In February, Cuevas Bajas celebrates the fiesta de la Candelaria, a show of light and color for all the family to enjoy. For this celebration, children make rag dolls the previous days. On the night of February 2, the locals gather around a bonfire and burn the dolls in the fire.

    Holy Week in Cuevas Bajas is also steeped in history and artistic wealth. It has been celebrated since the seventeenth century and the procession features figures made by Seville"s Castillo Lastrucci. Holy Week begins on Maundy Thursday with the departure of Jesus of Nazareth and the Virgin of Sorrows, and culminates with a very special tradition. On Sunday local children carry the throne of the resurrected Christ.

    If you are planning to visit Cuevas Bajas during the summer, mark two dates in your calendar: the St John's Day festivities and the August Fair. The St John"s Day festivities are one of the main attractions of the municipality and are held between June 24 and 25. This is a good celebration to integrate and meet its people, since most locals join in the procession in honor of the saint and at the paella meal beside the Genil River.

    Cuevas Bajas celebrates its Fair in August. For four days, the city is filled with street stalls and musical performances. Like many Andalusian fairs, its origin is in livestock markets.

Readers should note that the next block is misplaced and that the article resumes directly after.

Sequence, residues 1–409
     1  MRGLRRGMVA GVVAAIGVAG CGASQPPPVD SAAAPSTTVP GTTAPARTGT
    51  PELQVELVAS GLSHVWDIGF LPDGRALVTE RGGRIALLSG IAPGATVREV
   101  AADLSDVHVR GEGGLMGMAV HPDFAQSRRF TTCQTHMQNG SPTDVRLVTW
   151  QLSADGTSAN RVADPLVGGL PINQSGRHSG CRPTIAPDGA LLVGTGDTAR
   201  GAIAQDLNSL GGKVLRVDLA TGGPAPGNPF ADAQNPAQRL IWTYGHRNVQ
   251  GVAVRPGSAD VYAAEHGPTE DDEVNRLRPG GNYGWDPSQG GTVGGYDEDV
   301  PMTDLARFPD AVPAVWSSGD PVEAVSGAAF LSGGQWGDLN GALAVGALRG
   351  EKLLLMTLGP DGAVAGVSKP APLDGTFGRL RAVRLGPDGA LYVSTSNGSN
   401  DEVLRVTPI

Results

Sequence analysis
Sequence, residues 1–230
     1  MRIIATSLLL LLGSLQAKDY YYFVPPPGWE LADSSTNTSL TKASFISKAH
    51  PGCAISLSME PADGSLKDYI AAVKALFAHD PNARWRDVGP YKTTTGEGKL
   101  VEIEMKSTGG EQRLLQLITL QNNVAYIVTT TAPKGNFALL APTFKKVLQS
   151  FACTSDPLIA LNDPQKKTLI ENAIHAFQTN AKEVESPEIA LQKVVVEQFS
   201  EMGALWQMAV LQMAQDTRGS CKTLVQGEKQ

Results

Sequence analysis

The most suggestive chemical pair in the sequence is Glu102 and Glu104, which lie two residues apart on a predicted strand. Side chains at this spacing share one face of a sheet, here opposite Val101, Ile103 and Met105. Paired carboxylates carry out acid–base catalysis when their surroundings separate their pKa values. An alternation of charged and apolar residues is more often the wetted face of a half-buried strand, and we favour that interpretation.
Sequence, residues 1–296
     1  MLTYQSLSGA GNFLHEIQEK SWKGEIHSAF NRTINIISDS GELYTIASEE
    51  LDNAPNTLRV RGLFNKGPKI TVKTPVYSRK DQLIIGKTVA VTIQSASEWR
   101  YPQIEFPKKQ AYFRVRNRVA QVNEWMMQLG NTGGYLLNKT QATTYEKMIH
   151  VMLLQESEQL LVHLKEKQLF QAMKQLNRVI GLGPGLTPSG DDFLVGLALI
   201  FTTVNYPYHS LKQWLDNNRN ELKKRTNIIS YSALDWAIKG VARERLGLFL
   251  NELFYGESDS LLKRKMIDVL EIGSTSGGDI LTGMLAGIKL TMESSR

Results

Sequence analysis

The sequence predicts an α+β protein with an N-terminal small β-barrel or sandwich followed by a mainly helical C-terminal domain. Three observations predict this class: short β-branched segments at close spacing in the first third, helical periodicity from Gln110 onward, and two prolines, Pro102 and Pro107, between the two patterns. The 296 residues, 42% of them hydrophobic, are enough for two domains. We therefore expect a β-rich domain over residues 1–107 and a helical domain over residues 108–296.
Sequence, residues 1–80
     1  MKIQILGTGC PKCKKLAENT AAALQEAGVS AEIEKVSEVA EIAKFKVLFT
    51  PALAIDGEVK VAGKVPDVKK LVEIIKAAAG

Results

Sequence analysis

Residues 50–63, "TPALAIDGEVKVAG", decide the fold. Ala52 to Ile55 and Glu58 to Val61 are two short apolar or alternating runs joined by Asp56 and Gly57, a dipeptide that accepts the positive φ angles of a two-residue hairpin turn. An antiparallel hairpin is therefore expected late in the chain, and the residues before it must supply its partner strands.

The local crops form the basis of the typical cuisine of Cuevas Bajas: Purple carrots, oil and flour are some of the main staples.

    Among the dishes you can try in this municipality are migas (pieces of bread sauteed with garlic, accompanied by cured meats, peppers and sardines, among other ingredients), the porra fría (Cream of tomato, pepper, bread and olive oil, which is often accompanied by boiled egg, tuna or ham) or gachas de mosto (A sweet cream of grapes, almonds and walnuts). The typical drink of Cuevas Bajas is resol, which is made from sweet anise, coffee beans and verbena.

  • Town history

    Cuevas Bajas has been inhabited since prehistoric times. The Palaeolithic sites in the Belda Cave and the banks of the river Genil give evidence of an early settlement of hunters and fishermen. The manmade grotto necropolis from the Age of Bronze found in this area of Nororma is considered to be among the most important in Spain.

    A road used to pass by today"s town centre in Roman times (second century); it was part of Antonine Route. It was in this period that farming practices were first implemented in the valley of the river Genil, then known as "Singilis". Traces of civil architecture can still be seen in the area: the bridge in Arroyo de las Pozas, bath ruins, and so forth.

    The Arabs came to Cuevas Bajas in the Middle Ages and stayed here until 1426, when the village was conquered by Infant Pedro de Narváez. In the fifteenth century, the Jews and the Arabs were expelled from the villages of Cedrón and La Moheda, and the lands, which were redistributed, went to the Jesuits and settlers coming from Antequera, who built their homes on the banks of the Genil.

    The village we can see today was shaped during the Reconquista. In the eighteenth century, it had 1,400 inhabitants; in 1819, it became independent from Antequera.

  • The food in Cuevas Bajas has a traditional Andalusian flavour, with locally-grown crops serving as the base of its dishes. Purple carrots, olive oil and flour, are some of the most standout base ingredients.

    Some dishes to try in town are the migas, cold porra soup or the gachas de mosto (grape juice porridge). The signature drink is the resol, made with sweet anise, coffee grounds and Lemon Beebrush.

More information


  • Inhabitants (1,001-2,500)
  • Inland area